The Winners and Losers of Amazon’s Massive Rocket Launch Deal
- Amazon has made the largest commercial rocket launch purchase ever for its mega satellite constellation.
- Analysts say the deal is overall good for the launch industry, but some sectors will suffer.
- Analysts told Insider who the unnamed winners of the deal are and who loses out.
Amazon made history earlier this month by announcing the biggest commercial rocket launch purchase ever to send just over 3,200 satellites into orbit for its Project Kuiper megaconstellation, buying most of the capacity market launch in the world for the next five years. Although he did not disclose the financial terms of the deal, analysts predict he is worth up to $10 billion. Amazon plans to use its Kuiper satellites to compete with SpaceX’s Starlink by bringing
Internet service to the billions of people who do not have Internet access today.
Some analysts were shocked by the enormity of the deal, in which Amazon bought 18 rocket launches from Arianespace, 38 from United Launch Alliance and 12 from Blue Origin, with an option for 15 more from the owner’s space company. Amazon, Jeff Bezos. Laura Forczyk, owner of space consultancy Astralytical, told Insider she doesn’t think Amazon would announce such a large bulk purchase, but it makes strategic sense given the amount of capital the company has. business.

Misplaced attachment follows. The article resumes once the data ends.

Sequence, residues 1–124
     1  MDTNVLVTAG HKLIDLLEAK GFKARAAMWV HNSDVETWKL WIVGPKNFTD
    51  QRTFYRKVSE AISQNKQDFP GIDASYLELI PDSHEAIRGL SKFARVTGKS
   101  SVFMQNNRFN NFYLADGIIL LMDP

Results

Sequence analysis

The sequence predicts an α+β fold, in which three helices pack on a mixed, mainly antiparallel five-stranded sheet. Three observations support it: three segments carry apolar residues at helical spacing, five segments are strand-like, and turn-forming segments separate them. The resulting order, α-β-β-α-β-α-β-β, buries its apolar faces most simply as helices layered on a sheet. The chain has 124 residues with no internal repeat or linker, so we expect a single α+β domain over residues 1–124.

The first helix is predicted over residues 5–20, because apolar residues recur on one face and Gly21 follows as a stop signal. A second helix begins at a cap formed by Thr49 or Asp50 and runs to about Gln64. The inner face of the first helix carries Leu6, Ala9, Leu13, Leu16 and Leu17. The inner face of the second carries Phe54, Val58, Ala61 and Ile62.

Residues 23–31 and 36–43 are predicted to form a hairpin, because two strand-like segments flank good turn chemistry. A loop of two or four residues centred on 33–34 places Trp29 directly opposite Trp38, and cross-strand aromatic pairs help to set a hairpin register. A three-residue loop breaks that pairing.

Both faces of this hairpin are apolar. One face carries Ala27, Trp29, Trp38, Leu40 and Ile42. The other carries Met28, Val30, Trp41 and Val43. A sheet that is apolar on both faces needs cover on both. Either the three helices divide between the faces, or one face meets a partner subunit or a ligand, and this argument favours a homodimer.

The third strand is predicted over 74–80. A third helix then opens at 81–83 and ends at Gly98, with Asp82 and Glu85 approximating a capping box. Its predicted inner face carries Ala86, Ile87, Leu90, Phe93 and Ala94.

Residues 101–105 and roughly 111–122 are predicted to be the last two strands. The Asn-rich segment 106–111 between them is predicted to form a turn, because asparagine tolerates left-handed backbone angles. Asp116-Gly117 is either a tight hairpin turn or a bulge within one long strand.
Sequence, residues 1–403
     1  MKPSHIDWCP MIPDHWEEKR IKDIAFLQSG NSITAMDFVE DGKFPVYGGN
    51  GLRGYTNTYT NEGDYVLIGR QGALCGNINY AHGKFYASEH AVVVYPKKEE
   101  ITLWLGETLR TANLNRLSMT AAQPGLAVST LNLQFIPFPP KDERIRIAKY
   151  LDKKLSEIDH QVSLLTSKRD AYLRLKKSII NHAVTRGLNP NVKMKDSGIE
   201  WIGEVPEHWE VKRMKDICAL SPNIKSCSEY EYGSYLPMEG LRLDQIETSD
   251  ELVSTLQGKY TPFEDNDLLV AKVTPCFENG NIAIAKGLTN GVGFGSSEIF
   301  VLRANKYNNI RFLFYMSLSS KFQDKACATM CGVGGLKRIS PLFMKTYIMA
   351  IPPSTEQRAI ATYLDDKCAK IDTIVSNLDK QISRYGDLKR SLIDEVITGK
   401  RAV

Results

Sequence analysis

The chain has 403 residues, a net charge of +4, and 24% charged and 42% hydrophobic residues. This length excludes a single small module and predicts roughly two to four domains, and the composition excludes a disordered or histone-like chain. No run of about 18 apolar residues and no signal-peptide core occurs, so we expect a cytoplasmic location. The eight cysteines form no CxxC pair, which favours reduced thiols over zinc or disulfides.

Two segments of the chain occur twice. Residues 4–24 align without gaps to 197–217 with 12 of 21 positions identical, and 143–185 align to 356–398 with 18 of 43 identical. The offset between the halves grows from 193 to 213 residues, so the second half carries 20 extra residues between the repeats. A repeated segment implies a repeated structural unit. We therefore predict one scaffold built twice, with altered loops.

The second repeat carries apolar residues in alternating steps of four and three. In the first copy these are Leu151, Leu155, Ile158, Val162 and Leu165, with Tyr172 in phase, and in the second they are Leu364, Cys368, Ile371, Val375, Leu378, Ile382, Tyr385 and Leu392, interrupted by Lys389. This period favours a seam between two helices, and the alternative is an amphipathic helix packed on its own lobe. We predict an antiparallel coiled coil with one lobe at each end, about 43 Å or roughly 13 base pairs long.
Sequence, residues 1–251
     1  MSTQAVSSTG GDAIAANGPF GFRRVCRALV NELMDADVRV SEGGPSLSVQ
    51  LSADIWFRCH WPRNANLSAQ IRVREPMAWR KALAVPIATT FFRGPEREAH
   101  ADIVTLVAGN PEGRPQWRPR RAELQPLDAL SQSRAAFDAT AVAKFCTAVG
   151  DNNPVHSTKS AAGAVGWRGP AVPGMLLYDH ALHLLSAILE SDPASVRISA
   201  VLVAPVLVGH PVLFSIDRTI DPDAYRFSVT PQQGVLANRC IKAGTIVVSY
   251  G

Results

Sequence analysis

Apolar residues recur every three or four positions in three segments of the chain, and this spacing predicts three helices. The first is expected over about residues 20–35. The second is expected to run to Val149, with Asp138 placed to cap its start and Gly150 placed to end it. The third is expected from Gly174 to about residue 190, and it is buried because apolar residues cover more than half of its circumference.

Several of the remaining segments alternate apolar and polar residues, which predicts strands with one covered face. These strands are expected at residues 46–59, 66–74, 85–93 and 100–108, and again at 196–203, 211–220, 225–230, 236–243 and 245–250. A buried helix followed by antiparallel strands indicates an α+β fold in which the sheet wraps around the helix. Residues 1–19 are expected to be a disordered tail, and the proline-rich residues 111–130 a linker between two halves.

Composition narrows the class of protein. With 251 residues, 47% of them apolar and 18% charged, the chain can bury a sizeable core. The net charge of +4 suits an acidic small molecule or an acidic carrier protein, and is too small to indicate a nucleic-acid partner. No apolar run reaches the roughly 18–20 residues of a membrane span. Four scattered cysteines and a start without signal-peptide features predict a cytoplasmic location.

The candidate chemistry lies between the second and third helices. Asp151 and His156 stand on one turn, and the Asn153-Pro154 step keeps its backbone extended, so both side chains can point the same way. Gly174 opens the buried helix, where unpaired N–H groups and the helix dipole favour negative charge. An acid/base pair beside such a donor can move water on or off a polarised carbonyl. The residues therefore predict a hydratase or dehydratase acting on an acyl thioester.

“It makes sense for them to hedge their bets and say, ‘We’re going to book some of these initial flights on these new rockets…because they have the money for it,'” Forczyk said.
Amazon is also a bit pressed for time to get its satellites into orbit, as it has a license agreement from the Federal Communications Commission that says it must have half of its satellites in orbit by July 2026 and the rest by July 2029.
Space industry analysts told Insider that Amazon’s massive deal is a net positive for the launch industry overall.
“They’re spending over $10 billion on the Kuiper project, a lot of which will go to launch. That’s money flowing into the industry that otherwise wouldn’t have gone there,” said Andrew Penn, director main space. and the satellite communications practice at boutique management consulting firm Avascent, Insider told.
But analysts also agree that parts of the launch industry could suffer from the deal, including smaller launcher companies.
Who Loses Amazon Deal
Some analysts believe Amazon’s massive launch purchase is bad news for smaller launcher companies, which were conspicuously absent from the deal, such as RocketLab, Firefly Aerospace and Astra. Amazon has announced that its Kuiper satellites will weigh around 1,300 pounds, much larger than most people expected, Deutsche Bank analyst Edison Yu told Insider, so many small businesses in launchers simply wouldn’t have enough rockets to launch Kuiper satellites.
The problem is that some of these smaller launch companies have gone public through Special Purpose Acquisition Companies (SPACs), they’ve sold investors on the idea that they would be key to launching megaconstellations like Kuiper or its two main competitors OneWeb and SpaceX’s Starlink in space. , Ars Technica reported.